Business

Japan's ANA leads way as masks become new normal in virus-era air travel

All Nippon Airways to require passengers to wear face masks inside airports and aboard aircraft

KYODO

One of Japan’s major airlines plans to make the wearing of face masks compulsory as the industry shifts toward operating in a new coronavirus pandemic normal.

From June, All Nippon Airways Co. will require all passengers to wear face masks inside airports and aboard aircraft.

Anyone who refuses will be barred from boarding, meaning ANA is going a step further than an aviation industry body guideline that advises a “request” be made that passengers mask up.

Cabin crew will wear face masks and ground staff will wear face shields as well, it said. Major airlines, including ANA, have also installed plastic curtains at check-in counters.

The aviation industry has been hit hard by the virus pandemic, and many airlines are keen to attract business by eliminating passenger concern about infection, even if it means enforcing stricter measures than recommended.

Japan Airlines Co. and Skymark Airlines Inc. said they will refrain from allocating passengers into adjacent seats to allow some measure of social distancing to be maintained. JAL said the measure is temporary and is aimed at easing people’s concern about coming into close contact with fellow passengers.

JAL will halt sales of adjacent seats until the end of June, while ANA does not take such a measure, as such sales practice may lead to raising airfares.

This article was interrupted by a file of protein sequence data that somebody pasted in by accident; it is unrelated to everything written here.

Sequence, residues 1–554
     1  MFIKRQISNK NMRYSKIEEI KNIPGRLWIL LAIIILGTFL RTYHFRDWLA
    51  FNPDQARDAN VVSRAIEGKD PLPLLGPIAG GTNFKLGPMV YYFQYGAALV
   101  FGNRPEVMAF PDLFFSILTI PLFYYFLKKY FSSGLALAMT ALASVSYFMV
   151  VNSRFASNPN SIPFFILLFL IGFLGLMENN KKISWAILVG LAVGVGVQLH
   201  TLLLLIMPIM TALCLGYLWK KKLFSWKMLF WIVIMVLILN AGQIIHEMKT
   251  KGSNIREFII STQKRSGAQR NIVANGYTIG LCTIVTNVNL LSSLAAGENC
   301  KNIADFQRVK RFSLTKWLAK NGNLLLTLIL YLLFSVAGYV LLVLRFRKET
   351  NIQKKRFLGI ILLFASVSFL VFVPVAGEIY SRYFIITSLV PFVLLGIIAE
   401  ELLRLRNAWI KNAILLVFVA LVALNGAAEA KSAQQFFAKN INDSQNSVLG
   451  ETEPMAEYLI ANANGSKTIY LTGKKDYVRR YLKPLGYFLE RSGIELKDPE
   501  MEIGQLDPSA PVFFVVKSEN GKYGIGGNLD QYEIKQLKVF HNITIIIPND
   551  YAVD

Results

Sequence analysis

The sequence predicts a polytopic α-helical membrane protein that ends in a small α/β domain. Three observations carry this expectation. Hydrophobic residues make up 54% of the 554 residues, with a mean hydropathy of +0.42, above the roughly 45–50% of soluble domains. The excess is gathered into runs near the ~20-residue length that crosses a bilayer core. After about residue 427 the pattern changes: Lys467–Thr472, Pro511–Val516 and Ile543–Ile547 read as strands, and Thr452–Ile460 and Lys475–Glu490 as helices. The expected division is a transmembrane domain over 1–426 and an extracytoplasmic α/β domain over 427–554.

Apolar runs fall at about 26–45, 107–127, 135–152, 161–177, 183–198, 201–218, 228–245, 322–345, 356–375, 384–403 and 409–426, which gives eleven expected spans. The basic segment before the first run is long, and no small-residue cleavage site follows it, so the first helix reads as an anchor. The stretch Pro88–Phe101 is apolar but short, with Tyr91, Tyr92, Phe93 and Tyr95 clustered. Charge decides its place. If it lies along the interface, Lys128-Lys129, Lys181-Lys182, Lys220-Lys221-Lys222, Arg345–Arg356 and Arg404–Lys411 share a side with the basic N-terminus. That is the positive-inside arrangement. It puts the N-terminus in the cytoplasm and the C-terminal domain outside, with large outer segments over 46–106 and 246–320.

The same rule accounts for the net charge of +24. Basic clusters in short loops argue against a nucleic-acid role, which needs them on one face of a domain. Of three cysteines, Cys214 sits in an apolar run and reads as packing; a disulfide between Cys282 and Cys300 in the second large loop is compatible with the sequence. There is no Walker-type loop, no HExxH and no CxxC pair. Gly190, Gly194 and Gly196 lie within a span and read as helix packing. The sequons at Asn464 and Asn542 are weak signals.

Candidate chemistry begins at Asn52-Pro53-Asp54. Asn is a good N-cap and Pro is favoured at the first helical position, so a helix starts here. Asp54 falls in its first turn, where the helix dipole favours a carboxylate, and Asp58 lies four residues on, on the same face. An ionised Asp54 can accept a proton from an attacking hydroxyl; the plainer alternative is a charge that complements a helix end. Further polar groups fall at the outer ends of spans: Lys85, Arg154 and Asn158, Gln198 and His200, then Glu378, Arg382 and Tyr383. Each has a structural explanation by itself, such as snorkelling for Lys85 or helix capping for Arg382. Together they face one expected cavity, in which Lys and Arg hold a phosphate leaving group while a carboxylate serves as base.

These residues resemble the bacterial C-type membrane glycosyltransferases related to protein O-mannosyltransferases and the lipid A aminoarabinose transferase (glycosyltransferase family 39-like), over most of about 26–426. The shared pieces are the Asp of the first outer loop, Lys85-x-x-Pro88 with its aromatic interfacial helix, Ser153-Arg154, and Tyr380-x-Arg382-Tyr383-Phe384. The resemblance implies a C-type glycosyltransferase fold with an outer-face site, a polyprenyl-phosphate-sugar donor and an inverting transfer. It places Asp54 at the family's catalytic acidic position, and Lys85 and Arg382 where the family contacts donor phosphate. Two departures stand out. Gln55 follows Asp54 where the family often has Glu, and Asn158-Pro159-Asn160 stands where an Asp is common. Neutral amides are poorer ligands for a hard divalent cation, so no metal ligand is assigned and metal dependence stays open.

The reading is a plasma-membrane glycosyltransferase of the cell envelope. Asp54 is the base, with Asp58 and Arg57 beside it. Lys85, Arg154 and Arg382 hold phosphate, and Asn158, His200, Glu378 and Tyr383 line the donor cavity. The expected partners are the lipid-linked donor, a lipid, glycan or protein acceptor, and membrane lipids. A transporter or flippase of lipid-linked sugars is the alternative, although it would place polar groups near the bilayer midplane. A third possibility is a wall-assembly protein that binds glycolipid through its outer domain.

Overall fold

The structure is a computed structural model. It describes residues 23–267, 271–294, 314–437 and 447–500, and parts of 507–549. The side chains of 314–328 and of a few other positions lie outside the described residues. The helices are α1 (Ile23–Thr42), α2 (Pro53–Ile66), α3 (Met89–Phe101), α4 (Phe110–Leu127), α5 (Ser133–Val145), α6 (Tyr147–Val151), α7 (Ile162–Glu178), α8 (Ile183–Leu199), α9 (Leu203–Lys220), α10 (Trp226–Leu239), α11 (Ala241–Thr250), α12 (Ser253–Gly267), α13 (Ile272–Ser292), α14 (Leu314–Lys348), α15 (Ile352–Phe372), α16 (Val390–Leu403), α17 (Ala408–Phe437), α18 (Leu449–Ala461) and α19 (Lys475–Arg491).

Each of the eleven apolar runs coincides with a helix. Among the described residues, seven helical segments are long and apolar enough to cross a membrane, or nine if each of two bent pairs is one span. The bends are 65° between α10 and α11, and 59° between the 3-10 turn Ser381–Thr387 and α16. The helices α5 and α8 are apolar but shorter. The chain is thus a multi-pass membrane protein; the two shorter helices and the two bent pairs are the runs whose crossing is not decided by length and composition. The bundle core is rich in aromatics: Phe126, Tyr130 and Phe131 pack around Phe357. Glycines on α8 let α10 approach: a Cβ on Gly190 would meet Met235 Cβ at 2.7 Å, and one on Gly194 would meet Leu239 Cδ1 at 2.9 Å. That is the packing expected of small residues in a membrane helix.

The International Air Transport Association does not recommend such a measure, saying, “Mask-wearing by passengers and crew will reduce the already low risk, while avoiding the dramatic cost increases to air travel that onboard social distancing measures would bring.”

It said the risk of virus transmission on aircraft is low compared to other modes of public transport, possibly due to the layout which has passengers all facing forward, airflow rates being high and the use of high-efficiency particulate air filters in cabins.

Other airlines around the globe have taken even more drastic steps, with Qatar Airways making flight attendants wear full-body protection suits and the Philippines’ Cebu Pacific Air set to make its attendants take antibody tests for the virus.

Finland’s Finnair PLC has decided to request passengers check-in online to avoid crowding at airports and has ended priority boarding, instead inviting passengers seated at the rear of the plane to board first.

Japanese airlines have yet to announce whether they will implement more stringent anti-virus steps for their international routes that involve longer flight times and therefore an increased risk of infection.

The aviation industry is suffering from a dramatic drop of passengers in the past few months.

During the Golden Week holidays from late April to early May, a record-low number of travelers passed through three major Japanese airports as most airlines suspended flights due to the coronavirus pandemic.

The number of travelers during the holiday period between April 24 and May 6 tumbled 99 percent from a year earlier to 12,700 at Narita Airport in Chiba Prefecture, the lowest figure since comparable data became available in 2008.

The number of travelers also plunged 99.1 percent to 5,750 at Haneda Airport in Tokyo and 99.8 percent to 2,150 at Kansai Airport in Osaka Prefecture.

A total of 6,690 people departed from Narita during the period, of whom 850 were Japanese nationals, down 99.8 percent, while 6,030 people, including 4,610 Japanese, arrived at the airport.

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